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Child Labor Final

Child Labor Final

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Published by: eye sha on Dec 13, 2008
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CHILD LABOR 
Child labourers coming out of a dye factory, Dhaka, Bangladesh
Child labor
(or 
child labour
) is theemploymentof childrenunder an age determined by law or custom. This practice is consideredexploitative  by many countries and international organizations. Child labor was notseen as a problem throughout most of history, only becoming a disputedissue with the beginning of universalschoolingand the concepts of laborersandchildren's rights. Child labor can include factory work, mining or quarrying, agriculture,helping in the parents' business, having one's ownsmall business(for example selling food), or doing odd jobs. Some children work as guidesfor tourists, sometimes combined with bringing in business for shops andrestaurants(where they may also work as waiters). Other children areforced to do tedious and repetitive jobs such as assembling boxes, or  polishing shoes. However, rather than in factories andsweatshops, mostchild labor occurs in the informal sector, "selling on the street, at work inagricultureor hidden away in houses— far from the reach of official labor inspectors and from media scrutiny."The most controversial forms of work include themilitary use of children as well aschild prostitution. Less controversial, and often legal with somerestrictions, are work aschild actorsandchild singers, as well as agricultural work outside of the school year (seasonal work).
 
Human rights
TheUnited Nationsand theInternational Labour Organizationconsider  child labor exploitative, with the UN stipulating, in article 32 of theConvention on the Rights of the Childthat:
"...States Parties recognize the right of the child to be protected fromeconomicexploitation and from performing any work that is likely tobe hazardous or to interfere with the child'seducation
 
 , or to be harmful 
 
to the child'shealthor physical, mental, spiritual 
 
 ,moral or social development  ."
In many countries, it is considered inappropriate or exploitative if a child below a certain age works, excludinghousehold choresor schoolwork . Anemployer is often not allowed to hire a child below a certain age. Thisminimum age depends on the country; in theUnited States, the minimumage to work in an establishment without parents' consent and restrictionsis age 16.Many children as young as four are employed in production factorieswith dangerous, and often fatal, working conditions. Based on thisunderstanding of the use of children as laborers, it is now considered bywealthy countries to be ahuman rightsviolation, and is outlawed, whilesome poorer countries may allow or tolerate it.Poor families often rely on the labors of their children for survival, andsometimes it is their only source of income. This type of work is oftenhidden away because it is not in theindustrialsector. Child labor isemployed in subsistence agriculture, in the household, or in the urbaninformal sector. In order to benefit children, child labor prohibition has toaddress the dual challenge of providing them with both short-termincome and long-term prospects. Someyouth rightsgroups, however, feelthat prohibiting work below a certain age violates human rights, reducingchildren's options and leaving them subject to the whims of those withmoney. The reasons a child would consent or want to work may varygreatly. A child may consent to work if, for example, the earnings areattractive or if the child hates school, but such consent may not beinformed consent. The workplace may still be an undesirable situation for a child or adult in the long run.The United States also has extensivechild labor laws. In the 1990s everycountry in the world except for Somaliaand the United States became asignatory to theConvention on the Rights of the Child, or CRC. The CRC provides the strongest, most consistent international legal language prohibiting illegal child labor.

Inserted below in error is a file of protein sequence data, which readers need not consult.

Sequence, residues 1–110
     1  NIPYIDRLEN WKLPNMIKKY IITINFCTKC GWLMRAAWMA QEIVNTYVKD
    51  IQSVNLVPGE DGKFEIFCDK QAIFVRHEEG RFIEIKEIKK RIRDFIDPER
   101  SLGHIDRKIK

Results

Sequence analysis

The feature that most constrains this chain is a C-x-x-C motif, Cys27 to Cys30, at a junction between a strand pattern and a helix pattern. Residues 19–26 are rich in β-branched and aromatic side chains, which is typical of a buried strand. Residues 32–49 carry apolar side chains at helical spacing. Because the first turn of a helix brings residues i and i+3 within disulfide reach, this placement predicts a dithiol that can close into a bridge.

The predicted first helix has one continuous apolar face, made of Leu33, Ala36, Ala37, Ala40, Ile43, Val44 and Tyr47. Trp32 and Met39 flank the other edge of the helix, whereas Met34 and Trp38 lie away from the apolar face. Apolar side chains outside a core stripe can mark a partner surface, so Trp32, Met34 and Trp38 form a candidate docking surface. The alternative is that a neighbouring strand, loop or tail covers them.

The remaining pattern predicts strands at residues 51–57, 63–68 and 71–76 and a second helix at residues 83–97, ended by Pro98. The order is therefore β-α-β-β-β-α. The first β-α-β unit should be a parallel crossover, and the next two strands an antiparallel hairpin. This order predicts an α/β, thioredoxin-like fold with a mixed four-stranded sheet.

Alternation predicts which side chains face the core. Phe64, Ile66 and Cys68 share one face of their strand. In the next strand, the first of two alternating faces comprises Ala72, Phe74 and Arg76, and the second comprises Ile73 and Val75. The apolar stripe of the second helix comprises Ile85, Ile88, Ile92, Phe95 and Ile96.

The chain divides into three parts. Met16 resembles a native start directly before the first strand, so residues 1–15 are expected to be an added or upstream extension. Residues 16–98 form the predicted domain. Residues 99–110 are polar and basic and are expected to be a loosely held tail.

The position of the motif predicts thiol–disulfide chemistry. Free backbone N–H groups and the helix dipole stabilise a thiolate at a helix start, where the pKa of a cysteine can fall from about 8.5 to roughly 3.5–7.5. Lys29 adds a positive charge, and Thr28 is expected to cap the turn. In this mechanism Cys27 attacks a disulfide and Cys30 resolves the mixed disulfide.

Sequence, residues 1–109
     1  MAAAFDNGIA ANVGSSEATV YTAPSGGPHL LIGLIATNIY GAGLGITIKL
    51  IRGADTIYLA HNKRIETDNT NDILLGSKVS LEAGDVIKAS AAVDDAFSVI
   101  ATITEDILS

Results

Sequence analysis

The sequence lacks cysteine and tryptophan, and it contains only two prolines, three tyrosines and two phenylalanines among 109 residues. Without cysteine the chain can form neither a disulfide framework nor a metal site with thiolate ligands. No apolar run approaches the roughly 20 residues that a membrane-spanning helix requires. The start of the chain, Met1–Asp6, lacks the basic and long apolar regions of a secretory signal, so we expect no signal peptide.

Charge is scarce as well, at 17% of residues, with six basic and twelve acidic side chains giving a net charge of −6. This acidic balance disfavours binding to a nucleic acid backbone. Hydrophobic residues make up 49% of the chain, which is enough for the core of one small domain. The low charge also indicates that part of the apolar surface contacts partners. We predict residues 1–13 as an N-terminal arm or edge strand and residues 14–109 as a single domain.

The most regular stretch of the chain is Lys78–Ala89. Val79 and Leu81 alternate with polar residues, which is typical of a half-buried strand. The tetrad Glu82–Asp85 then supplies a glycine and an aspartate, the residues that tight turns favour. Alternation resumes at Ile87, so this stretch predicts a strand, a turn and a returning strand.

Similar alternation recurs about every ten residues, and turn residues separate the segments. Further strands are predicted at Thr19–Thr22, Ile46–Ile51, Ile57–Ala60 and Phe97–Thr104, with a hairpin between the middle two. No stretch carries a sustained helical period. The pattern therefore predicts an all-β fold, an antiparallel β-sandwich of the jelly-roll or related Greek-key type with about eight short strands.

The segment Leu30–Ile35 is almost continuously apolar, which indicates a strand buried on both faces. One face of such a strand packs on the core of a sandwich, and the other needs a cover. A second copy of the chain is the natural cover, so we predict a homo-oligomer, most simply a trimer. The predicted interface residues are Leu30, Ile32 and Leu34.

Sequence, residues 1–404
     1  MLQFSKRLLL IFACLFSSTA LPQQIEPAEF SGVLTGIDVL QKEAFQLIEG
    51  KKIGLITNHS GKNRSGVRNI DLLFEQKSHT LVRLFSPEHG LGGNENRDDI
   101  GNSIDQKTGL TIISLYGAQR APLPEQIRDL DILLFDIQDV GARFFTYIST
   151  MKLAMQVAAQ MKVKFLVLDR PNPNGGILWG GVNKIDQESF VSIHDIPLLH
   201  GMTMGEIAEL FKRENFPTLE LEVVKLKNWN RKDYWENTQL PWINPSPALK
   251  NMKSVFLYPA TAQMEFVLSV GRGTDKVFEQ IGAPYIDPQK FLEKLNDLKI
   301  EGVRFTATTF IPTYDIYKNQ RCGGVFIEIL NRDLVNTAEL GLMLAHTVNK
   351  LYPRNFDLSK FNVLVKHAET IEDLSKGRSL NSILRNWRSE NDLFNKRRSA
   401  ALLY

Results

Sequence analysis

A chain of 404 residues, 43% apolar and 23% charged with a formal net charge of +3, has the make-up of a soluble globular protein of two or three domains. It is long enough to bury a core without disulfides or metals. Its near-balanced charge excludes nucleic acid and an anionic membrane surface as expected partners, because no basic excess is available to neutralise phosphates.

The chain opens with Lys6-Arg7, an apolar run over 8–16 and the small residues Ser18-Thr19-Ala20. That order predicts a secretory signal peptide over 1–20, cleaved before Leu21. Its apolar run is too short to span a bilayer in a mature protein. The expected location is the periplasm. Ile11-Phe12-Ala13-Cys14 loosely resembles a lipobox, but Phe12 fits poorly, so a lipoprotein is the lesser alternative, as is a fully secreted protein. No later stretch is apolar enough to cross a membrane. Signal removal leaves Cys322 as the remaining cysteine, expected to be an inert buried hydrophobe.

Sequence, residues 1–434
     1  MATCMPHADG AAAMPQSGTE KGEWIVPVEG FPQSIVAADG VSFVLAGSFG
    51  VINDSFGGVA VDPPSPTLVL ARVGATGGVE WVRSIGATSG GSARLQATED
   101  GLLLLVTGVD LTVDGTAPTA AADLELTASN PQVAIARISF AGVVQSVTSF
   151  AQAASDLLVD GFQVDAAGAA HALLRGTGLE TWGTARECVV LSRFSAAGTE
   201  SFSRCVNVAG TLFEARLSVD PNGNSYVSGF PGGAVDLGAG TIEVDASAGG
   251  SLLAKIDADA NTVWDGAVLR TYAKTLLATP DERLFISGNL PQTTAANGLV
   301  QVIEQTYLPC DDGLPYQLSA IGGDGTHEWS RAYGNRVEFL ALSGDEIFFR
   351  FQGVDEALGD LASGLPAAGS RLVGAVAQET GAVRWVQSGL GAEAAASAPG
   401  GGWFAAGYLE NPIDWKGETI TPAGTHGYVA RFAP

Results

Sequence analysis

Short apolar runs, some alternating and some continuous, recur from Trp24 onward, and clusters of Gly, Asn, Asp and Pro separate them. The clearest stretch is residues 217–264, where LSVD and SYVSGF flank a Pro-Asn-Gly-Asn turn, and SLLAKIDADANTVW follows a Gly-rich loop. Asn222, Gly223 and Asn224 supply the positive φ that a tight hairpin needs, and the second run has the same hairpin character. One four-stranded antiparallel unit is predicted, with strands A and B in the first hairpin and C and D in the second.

Industrial Revolution
 
Child laborer, Newberry, South Carolina, 1908In theWest, during theIndustrial Revolution, use of child labor was commonplace, often in factories, but on the decline. InEnglandandScotlandin 1788, about two-thirds of the workers in the new water- powered textile factories were children. Subsequently, largely due to thecampaigning of Lord Shaftesbury, a series of Factory Actswere passed to restrict gradually the hours that children were allowed to work, and toimprove safety.Karl Marxargued that the industrial revolution increased hardship for children. HistorianE. P. Thompsonnotes in
that child labor was not new, and had been "an intrinsic part of the agricultural and industrial economy before 1780"; however heargues that "there was a drastic increase in the intensity of exploitation of child labour between 1780 and 1840, and every historian acquainted withthe sources knows this is so. This was true in themines, both ininefficient small-scale pits where the roadways were sometimes sonarrow that children could not easily pass through them; where - as thecoal face drew further away from the shaft - children were in demand as'hurreyers' and to operate the ventilation ports. In themills, the child and juvenile labour force grew yearly; and in several of the out-worker or 'dishonourable' trades the hours of labour became longer and work moreintense."Other historians have disagreed with this verdict.ObjectivisteconomichistorianRobert Hessensays
"
claims of increased misery...[are] based on ignorance of how  squalid life actually had been earlier. Before children beganearning money working in factories
 
 , they had been sent to live in parish poorhouses
 
 , apprenticed as unpaid household servants,rented out for backbreaking agricultural labor, or became

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